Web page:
William to visit New Zealand to honour victims of mosques shootings

The Duke and Duchess of Cambridge and Prince George previously visited New Zealand (Anthony Delvin/PA)

The Duke of Cambridge will visit New Zealand for two days later this month on behalf of the Queen to honour the victims of the Christchurch mosques terrorist attack.

William will begin his visit, which is at the request of New Zealand's prime minister Jacinda Ardern, in Auckland on April 25, before travelling to Christchurch where 50 people were killed in the shootings.

In Christchurch, the duke will meet survivors of the attack and their families, members of the emergency services, and Muslim community leaders.

Kensington Palace said: "During the visit, the duke will pay tribute to those affected by the Christchurch mosques terrorist attack, and will recognise the incredible empathy and unity displayed by the people of New Zealand in the weeks that followed."

William visited New Zealand following the Christchurch earthquakes in 2011, and with wife Kate carried out a tour of the country in 2014, taking nine-month-old Prince George with them.

The monarch, who is Queen of New Zealand, and other senior royals sent heartfelt messages of condolence following the shootings at the two mosques in March.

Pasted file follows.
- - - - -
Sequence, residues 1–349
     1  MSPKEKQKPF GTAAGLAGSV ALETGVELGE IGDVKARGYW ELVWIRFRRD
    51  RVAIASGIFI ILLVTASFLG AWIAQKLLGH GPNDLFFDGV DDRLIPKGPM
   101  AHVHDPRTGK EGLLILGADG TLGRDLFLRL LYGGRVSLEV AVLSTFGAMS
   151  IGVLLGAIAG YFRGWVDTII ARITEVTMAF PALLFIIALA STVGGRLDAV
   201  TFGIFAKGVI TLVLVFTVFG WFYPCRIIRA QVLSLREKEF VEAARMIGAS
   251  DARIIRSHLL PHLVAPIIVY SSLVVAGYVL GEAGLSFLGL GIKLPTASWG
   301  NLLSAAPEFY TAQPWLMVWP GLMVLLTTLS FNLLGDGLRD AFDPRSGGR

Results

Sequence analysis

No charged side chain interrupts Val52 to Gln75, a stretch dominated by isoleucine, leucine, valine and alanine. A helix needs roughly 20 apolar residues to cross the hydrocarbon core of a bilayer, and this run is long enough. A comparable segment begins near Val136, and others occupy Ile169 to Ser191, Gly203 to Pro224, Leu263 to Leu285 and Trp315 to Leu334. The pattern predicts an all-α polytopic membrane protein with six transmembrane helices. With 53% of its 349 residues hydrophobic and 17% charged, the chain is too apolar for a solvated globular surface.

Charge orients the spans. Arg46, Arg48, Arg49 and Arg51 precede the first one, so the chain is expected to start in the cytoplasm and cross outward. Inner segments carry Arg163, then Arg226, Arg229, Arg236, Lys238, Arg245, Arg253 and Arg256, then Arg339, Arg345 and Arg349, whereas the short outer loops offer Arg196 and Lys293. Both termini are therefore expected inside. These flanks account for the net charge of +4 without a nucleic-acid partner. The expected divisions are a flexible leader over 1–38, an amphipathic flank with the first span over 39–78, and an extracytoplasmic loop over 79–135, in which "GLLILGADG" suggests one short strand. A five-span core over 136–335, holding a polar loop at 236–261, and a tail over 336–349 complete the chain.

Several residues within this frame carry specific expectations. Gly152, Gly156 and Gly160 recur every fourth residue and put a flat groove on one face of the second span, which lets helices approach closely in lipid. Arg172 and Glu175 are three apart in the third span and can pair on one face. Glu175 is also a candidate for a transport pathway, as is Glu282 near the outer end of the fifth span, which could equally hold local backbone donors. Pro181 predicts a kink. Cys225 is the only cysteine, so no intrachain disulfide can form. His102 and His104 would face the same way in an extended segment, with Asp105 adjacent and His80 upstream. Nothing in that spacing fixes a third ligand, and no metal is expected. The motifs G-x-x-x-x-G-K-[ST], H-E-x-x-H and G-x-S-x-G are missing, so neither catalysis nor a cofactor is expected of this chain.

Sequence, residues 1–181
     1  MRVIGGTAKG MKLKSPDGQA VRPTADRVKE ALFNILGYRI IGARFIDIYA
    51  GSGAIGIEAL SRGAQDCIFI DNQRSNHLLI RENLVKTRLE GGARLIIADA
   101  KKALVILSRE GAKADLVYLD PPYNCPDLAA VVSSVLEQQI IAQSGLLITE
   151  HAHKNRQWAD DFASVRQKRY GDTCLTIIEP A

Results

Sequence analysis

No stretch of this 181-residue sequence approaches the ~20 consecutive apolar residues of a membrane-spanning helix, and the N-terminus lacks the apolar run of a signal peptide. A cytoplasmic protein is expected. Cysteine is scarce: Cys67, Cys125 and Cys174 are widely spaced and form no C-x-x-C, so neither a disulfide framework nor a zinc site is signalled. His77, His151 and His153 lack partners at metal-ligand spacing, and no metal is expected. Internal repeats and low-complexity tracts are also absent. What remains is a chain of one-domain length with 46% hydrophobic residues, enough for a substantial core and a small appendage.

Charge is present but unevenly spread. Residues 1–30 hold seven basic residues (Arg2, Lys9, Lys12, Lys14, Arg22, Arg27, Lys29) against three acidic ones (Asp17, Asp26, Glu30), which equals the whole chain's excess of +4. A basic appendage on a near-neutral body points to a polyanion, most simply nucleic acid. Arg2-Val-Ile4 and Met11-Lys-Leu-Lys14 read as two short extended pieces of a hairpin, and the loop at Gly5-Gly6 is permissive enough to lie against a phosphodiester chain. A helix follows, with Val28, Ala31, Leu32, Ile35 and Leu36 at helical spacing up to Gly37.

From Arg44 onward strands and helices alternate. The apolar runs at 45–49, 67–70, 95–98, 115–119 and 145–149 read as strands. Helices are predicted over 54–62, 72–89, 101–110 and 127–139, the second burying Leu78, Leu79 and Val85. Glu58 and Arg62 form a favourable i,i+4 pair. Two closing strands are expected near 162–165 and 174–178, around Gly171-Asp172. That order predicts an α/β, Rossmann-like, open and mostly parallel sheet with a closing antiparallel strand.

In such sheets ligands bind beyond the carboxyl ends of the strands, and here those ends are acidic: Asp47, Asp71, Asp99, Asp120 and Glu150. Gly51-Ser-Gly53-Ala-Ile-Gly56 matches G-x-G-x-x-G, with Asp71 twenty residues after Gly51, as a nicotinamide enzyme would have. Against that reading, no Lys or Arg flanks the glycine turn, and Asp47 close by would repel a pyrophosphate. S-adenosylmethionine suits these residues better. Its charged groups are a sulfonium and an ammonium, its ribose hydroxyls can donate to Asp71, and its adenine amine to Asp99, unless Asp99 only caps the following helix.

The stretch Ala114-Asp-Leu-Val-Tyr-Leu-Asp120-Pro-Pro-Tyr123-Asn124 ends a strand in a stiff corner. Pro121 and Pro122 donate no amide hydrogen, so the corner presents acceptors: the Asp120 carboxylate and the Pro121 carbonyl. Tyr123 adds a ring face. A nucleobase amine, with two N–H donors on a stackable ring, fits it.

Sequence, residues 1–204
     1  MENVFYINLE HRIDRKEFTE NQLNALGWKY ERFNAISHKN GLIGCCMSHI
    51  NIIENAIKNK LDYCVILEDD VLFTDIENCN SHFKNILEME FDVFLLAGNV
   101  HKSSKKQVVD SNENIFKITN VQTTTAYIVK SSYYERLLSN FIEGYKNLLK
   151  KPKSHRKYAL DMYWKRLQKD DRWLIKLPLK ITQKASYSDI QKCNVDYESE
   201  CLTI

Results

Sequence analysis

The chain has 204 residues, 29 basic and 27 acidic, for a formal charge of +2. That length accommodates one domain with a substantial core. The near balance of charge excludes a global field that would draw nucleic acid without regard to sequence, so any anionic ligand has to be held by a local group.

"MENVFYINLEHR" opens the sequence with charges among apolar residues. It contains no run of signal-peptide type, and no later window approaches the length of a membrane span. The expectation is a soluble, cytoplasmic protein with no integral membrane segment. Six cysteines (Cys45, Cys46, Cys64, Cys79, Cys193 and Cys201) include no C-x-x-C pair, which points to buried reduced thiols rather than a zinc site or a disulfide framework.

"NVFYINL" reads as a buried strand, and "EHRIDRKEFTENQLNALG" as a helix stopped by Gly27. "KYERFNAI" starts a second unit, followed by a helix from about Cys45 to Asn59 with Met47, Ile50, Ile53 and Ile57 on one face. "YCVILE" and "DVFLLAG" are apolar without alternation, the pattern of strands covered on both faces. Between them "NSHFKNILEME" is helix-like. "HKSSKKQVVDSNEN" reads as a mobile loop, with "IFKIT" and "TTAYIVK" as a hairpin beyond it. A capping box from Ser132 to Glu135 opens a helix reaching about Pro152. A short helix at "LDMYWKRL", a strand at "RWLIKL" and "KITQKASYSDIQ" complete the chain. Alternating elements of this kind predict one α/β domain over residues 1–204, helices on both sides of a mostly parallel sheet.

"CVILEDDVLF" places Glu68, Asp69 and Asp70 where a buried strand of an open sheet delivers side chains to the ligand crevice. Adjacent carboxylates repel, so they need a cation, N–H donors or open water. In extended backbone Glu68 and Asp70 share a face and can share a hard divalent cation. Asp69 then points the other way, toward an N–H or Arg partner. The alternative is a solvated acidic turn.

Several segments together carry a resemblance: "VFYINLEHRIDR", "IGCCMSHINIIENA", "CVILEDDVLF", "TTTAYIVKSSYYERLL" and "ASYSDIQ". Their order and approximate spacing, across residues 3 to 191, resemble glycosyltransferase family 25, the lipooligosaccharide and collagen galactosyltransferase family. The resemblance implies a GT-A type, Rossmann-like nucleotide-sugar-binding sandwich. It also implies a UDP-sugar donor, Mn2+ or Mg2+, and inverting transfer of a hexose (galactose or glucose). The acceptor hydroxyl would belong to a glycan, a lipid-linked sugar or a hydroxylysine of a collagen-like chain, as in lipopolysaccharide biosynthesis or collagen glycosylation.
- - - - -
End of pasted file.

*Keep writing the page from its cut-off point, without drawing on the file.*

The Duke of Cambridge will visit Auckland and Christchurch on the 25th and 26th of April.

His Royal Highness will pay tribute to those affected by the Christchurch mosques terrorist attack, and recognise the incredible empathy and unity displayed by the people of New Zealand. pic.twitter.com/aFra5X5bvG

— Kensington Palace (@KensingtonRoyal) April 17, 2019

The Queen said she and the Duke and Edinburgh had been "saddened by the appalling events".

The Prince of Wales showed solidarity with New Zealanders, saying: "This appalling atrocity is an assault on all of us who cherish religious freedom, tolerance, compassion and community."

And in a joint message, William, Kate and the Duke and Duchess of Sussex said: "We have all been fortunate to spend time in Christchurch and have felt the warm, open-hearted and generous spirit that is core to its remarkable people.

"No person should ever have to fear attending a sacred place of worship."

Harry and heavily-pregnant Meghan told New Zealanders "we are with you" when they signed a book of condolence at New Zealand House in London.

A 28-year-old Australian man, Brenton Tarrant, has been charged over the attacks.

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